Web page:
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intpmusings:

Sometimes I wonder whether I have any real intelligence or if I just have enough random bits of surface knowledge to bullshit my way through most things.

Yeah cuddling naked is nice but there is something so sensual about laying together with your clothes on just to have them lift your shirt a little and grab your hip, then run their hand up and down your body to tease you. And by having just a small bit of your skin exposed, it leaves your body begging for more, and your nerves burn to have their hand pull your shirt up just a little more, grab your waist and caress your skin. Then the sweet and dangerous motion of their hand tugging your pants down slightly to give you false hope of satisfaction is dispelled by the sudden tug to pull your pants back up, and it gives you the feeling of dire need to be touched more. Clothes are great, actually.

chekovvv:

bottomjared:

Hey! So, Coming Out Day is coming up soon (Oct. 11) and I just want to post a very stern reminder to NOT out anyone without their explicit permission.

Do NOT out anyone.

Got it?

Okay.

do not “come out” as straight or anything as a joke

do not “come out” as gay/bi/trans/etc as a joke

do not treat this day like a joke and don’t out anyone 

fuckyeahsexanddrugs:

likeafieldmouse:

Hidden Mother

"Trying to get a baby or a fussy toddler to sit still for a photograph can feel like a herculean task. Luckily, it only takes a second to get the shot. In the nineteenth century, however, it was a different storyparticularly when it came to tintype portraits, which required a long exposure.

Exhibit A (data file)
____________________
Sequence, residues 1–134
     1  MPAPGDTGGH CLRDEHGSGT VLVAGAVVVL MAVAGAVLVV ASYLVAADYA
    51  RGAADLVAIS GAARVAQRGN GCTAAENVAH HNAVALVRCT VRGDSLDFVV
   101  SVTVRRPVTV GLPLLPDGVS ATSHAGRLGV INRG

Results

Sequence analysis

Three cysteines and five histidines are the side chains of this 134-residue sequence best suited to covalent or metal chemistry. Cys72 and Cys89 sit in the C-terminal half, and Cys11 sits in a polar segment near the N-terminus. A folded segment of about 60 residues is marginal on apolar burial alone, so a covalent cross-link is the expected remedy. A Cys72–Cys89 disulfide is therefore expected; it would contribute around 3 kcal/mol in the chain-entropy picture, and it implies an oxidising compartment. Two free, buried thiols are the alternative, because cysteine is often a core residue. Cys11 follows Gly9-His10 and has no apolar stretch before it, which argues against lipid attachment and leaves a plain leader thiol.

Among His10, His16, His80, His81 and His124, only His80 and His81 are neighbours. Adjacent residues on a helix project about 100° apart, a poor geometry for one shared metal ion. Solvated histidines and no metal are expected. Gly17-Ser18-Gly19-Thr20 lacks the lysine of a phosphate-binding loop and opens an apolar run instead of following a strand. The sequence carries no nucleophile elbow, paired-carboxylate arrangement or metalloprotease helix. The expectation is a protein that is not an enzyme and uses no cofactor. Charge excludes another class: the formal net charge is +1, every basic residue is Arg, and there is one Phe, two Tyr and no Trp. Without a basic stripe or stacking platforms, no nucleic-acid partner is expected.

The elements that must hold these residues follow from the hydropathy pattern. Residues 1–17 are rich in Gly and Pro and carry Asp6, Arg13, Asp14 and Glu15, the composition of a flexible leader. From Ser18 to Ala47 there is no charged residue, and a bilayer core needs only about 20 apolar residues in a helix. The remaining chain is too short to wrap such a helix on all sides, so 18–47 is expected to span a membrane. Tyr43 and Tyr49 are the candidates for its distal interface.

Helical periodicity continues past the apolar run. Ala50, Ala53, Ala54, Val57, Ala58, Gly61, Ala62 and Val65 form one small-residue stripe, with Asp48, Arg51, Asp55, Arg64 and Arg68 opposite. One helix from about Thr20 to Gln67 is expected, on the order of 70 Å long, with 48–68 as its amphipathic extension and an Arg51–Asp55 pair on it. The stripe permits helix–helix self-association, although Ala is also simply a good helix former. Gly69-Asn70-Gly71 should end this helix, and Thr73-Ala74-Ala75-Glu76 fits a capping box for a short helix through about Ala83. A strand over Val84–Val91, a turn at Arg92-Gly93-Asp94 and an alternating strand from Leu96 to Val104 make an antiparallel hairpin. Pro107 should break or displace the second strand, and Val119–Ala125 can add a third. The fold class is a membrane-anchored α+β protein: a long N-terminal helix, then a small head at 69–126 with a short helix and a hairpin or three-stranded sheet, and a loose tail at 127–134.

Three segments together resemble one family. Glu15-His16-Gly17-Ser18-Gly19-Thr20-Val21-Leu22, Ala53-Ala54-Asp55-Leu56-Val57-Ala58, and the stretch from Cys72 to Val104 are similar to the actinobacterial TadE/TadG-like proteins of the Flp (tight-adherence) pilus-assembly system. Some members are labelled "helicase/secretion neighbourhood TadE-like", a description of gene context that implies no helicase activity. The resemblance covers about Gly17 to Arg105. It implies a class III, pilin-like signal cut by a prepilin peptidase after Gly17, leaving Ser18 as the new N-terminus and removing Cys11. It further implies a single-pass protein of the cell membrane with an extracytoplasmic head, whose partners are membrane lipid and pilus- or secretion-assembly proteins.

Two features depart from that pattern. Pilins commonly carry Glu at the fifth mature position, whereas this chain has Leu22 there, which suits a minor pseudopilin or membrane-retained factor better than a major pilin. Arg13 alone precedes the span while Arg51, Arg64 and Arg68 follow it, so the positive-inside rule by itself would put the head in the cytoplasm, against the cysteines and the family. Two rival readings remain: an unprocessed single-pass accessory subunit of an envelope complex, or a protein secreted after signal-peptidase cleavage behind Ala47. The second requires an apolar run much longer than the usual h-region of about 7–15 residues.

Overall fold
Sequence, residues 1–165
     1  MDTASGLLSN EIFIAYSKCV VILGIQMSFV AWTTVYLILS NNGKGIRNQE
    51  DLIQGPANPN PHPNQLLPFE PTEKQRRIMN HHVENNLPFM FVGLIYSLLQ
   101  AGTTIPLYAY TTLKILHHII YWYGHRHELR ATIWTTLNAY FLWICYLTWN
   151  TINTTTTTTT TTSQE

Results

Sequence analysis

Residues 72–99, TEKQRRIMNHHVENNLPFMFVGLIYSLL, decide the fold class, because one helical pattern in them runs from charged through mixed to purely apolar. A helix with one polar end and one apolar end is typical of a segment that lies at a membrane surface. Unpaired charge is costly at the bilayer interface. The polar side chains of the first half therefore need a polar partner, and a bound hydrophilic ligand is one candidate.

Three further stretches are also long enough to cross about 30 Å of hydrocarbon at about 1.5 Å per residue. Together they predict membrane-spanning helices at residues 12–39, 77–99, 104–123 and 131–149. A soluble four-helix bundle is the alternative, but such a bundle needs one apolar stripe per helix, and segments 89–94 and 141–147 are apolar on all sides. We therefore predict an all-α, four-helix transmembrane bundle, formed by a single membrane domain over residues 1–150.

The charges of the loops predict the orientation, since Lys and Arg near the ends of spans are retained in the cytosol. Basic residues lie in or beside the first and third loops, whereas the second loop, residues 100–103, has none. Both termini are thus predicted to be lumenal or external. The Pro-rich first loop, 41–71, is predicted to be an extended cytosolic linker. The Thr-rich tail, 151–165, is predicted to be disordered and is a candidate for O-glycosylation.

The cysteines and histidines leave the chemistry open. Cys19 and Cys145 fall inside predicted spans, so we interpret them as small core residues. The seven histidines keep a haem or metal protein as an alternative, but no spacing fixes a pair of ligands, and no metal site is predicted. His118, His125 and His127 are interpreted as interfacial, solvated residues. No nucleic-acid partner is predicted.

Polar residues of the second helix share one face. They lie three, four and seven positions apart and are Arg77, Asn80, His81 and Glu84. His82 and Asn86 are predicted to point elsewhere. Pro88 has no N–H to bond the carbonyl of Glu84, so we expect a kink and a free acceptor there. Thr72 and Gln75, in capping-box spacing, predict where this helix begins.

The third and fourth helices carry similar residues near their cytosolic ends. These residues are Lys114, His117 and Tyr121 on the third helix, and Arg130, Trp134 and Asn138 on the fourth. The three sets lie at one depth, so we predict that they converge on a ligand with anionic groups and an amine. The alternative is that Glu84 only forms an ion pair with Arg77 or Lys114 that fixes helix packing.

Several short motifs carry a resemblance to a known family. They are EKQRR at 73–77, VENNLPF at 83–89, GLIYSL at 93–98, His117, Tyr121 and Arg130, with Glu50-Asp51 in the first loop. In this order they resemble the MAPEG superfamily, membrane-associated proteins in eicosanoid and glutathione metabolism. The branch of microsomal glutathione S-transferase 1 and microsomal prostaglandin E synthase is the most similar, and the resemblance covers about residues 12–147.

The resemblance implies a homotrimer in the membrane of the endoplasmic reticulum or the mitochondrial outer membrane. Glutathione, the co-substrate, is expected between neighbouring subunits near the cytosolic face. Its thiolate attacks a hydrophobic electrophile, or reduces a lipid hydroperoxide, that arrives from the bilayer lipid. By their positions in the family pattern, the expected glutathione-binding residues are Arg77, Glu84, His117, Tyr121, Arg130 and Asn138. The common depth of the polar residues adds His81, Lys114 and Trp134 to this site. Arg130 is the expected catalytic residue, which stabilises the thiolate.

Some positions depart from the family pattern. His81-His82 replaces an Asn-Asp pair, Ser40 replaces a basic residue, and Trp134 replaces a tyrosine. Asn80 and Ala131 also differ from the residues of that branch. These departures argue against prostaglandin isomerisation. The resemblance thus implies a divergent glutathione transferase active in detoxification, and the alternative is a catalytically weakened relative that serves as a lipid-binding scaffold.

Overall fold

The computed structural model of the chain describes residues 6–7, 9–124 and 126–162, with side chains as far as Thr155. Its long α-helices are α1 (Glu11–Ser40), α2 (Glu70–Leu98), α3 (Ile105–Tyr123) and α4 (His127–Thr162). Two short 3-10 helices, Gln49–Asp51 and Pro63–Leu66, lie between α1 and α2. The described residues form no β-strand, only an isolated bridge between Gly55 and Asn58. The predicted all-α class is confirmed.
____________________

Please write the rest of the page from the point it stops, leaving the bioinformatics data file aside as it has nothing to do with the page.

Photographer Laura Larson’s series, Hidden Mother, presents a survey of nineteenth-century tintype portraits in which the mother of the child was included in the photograph, but obscured. 

In some instances, the mother would hold her child, with a cloth or props hiding her from the lens, or she would be painted over by the photographer after the image had been taken. In other examples, the mother is entirely absent from the frame, save for an arm, holding the child in place. 

The results are both funny and slightly disturbing. The mother appears as an uncanny presence, Larson writes in a statement. Often, she is swathed in fabric, like a ghost.”  

we were so creepy and fucking dumb

asylum-art:

Meghan Howland

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The story of Meghan Howland‘s oil paintings are quiet like a secret.  Her work captures understated dreamy scenes.  A confusion of birds, hidden faces, a scarf that may or may not be choking its wearer – her work at once is lighthearted and hints at a darker undercurrent.
Her gallery relates, “Her paintings are often dreamlike, and yet carry a weight of something that is slightly more dissonant. The question of whether something is safe or dangerous, loving or hateful, is often unexplained in her work.”

A snapshot quality to the image, fill flash like lighting, lends the paintings the characteristic of a caught instant.  However, her painterly hand stretches the moment.  While definitely working a contemporary aesthetic, Howland’s paintings are at times reminiscent of Degas’ style and palette.

pharoahsectotherm:

sapientpawnkeeper:

somebody should write an essay comparing and contrasting tina from bob’s burgers and meg from family guy and explain why tina hit the mark for respectfully portraying the awkward teenage years and why meg is a huge fucking insensitive joke that isn’t even funny

Tina is a character, Meg is a punchline. 

landorus:

cashier: that’ll be $4.20

me: bruh

cashier: bruh